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Requirements For Getting A Business Loan


Business loan requirements differ based on the lender, the type of loan, and your business. You should start by identifying potential commercial loans that are a good fit for your business. You should start off by looking at lenders such as your own bank or credit union, or your local small business administration. Afterwards, it is advisable to investigate what type of documentation each of the institutions requires to find out which is the best for you.

We recommend that you start your research three to six months (or even a year) before you actually need a loan, that way you will have enough time to gather / prepare the documentation you need. You will also have enough time to work on improving your credit score and evaluate what you can offer as collateral when applying for business loan. Generally speaking, these are the things you may need to increase your chances of being approved for a traditional business loan:

Excellent credit score

If you are a small business owner, the bank will generally review your personal credit score to determine if the loan is approved. A score of 720+ is the sweet spot as long as your credit is not overloaded.

Check your score and if it’s low, start fixing it. Many entrepreneurs and entrepreneurs rely on their personal credit to launch their business and run it that way for the first couple of years. Therefore, it is not uncommon for them to incur high debt. If at any time you had or have had credit problems due to health problems or other personal issues, it is important that you take into account that it will take you at least a year to repair your credit to be able to apply for some type of commercial loans.

Guarantee or “Collateral”

Each loan agreement is different, but generally your collateral will exceed the amount of money you want to borrow. This is because it is unlikely that the lender will be able to obtain the full value of your collateral when it is settled; the value of the collateral may depreciate or the lender may have to agree to a lower price in order to pay it off quickly. So your $ 70,000 loan may require $ 100,000 in real estate collateral, for example. If you are securing the loan with something like inventory, it is likely that you can only get 50% of the actual value of your inventory, that is, a $ 50,000 loan will require at least $ 100,000 in inventory as collateral. These figures assume that the business has good cash flow, and that it is a favorable business.

A Business Plan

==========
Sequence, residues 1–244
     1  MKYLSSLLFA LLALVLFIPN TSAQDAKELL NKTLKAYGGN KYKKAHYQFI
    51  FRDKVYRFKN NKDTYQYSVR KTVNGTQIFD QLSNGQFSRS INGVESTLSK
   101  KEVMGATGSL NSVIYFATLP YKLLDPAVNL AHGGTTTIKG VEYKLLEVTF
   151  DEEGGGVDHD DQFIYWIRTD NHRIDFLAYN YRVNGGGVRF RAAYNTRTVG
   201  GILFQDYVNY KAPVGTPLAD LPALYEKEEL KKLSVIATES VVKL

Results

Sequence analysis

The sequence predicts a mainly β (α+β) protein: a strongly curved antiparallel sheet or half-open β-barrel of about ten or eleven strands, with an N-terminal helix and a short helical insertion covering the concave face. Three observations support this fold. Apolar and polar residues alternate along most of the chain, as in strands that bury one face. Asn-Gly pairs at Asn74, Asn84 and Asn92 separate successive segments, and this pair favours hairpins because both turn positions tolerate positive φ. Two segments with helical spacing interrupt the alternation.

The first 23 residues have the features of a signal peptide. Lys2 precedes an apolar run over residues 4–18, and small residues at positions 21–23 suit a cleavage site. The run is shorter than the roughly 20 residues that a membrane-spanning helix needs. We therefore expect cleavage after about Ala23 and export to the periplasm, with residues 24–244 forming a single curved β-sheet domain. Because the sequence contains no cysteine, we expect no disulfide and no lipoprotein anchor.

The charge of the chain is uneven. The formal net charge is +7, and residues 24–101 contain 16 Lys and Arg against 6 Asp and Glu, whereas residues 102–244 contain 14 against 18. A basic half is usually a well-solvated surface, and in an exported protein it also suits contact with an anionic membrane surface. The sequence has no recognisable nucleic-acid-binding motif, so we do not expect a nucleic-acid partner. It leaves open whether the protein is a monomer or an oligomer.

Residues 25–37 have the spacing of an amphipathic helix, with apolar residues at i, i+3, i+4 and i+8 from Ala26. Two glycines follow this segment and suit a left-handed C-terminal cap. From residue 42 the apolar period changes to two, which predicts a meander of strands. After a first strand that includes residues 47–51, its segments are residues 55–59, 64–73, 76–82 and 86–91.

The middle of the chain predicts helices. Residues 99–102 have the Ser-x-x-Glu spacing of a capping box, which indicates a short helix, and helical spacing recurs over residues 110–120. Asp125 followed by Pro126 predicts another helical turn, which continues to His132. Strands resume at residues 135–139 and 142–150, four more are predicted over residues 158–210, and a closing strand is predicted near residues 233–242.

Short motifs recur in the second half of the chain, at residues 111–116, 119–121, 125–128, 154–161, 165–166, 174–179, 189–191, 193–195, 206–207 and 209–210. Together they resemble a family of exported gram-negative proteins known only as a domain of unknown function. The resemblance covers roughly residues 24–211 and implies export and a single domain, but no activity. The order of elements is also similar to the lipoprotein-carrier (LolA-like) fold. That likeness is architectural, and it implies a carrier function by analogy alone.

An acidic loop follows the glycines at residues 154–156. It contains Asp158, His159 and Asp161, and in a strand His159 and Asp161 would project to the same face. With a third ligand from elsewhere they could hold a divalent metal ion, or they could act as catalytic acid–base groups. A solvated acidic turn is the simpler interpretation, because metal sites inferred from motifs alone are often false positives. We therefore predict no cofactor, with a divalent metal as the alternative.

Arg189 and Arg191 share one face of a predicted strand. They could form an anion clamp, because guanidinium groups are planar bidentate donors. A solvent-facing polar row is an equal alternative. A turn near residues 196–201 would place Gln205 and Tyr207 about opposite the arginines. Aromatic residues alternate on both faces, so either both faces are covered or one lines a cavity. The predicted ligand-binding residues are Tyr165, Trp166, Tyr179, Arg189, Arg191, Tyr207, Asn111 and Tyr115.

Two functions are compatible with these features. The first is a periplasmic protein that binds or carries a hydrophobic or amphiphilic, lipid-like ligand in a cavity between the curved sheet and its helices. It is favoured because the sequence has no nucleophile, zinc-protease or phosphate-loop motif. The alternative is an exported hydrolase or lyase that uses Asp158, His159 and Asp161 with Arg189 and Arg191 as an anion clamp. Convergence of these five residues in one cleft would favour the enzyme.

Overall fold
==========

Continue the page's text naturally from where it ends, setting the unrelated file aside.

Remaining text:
A well-written business plan is an essential part of your loan application package. This business plan should detail what your market is, the value proposition of your business and your growth strategy. Through the business plan you are defending the profit potential, the estimated growth of your business and its reliability.


Banks generally want to see the last three to five years of both personal and business tax returns. You should create (we recommend that your accountant do) monthly or quarterly financial projections for the next year, quarterly and / or annual projections for the term of the loan. You will also need to provide your personal and business bank statements for the last 12 months prior to your loan application.

The bank may also want to view your business licenses and records, insurance, lease agreements, articles of incorporation, third-party contracts (with suppliers or customers), franchise agreements, and similar information to validate much of the aforementioned information. We recommend that you have this documentation on hand as well.

Finally, you must present a guarantee voucher that shows that you own the goods that you will deliver as collateral to pay the loan. Documentation could include titles, contracts, deeds, and receipts. The bank may also request proof of valuation, such as insurance coverage.

An Established Business

Traditional bank loans will rarely be approved if your business opened less than a year ago. It takes time to establish a credit history that can convince lenders that your business has a good chance of succeeding.

In addition to this, banks tend not to lend money to small businesses that work in industries that can be considered high risk. Industries such as restaurants, adult dating services, nutritional supplements, and hospitality tend to be more complicated when it comes to borrowing as they can be considered volatile and have a high percentage of product cancellations / returns. If you had difficulty obtaining a bank account for your business, it is very likely that you will also have difficulty obtaining a traditional bank loan.

A lucky break

No matter how great your business plan and credit score are, you will still likely have a hard time getting working capital from banks. The application process is complex and demanding, the requirements are stringent, and banks are not excited about having to make loans to entrepreneurs and small businesses. You may not have the time, knowledge, patience, or credit history to qualify for the same financing options as large companies.

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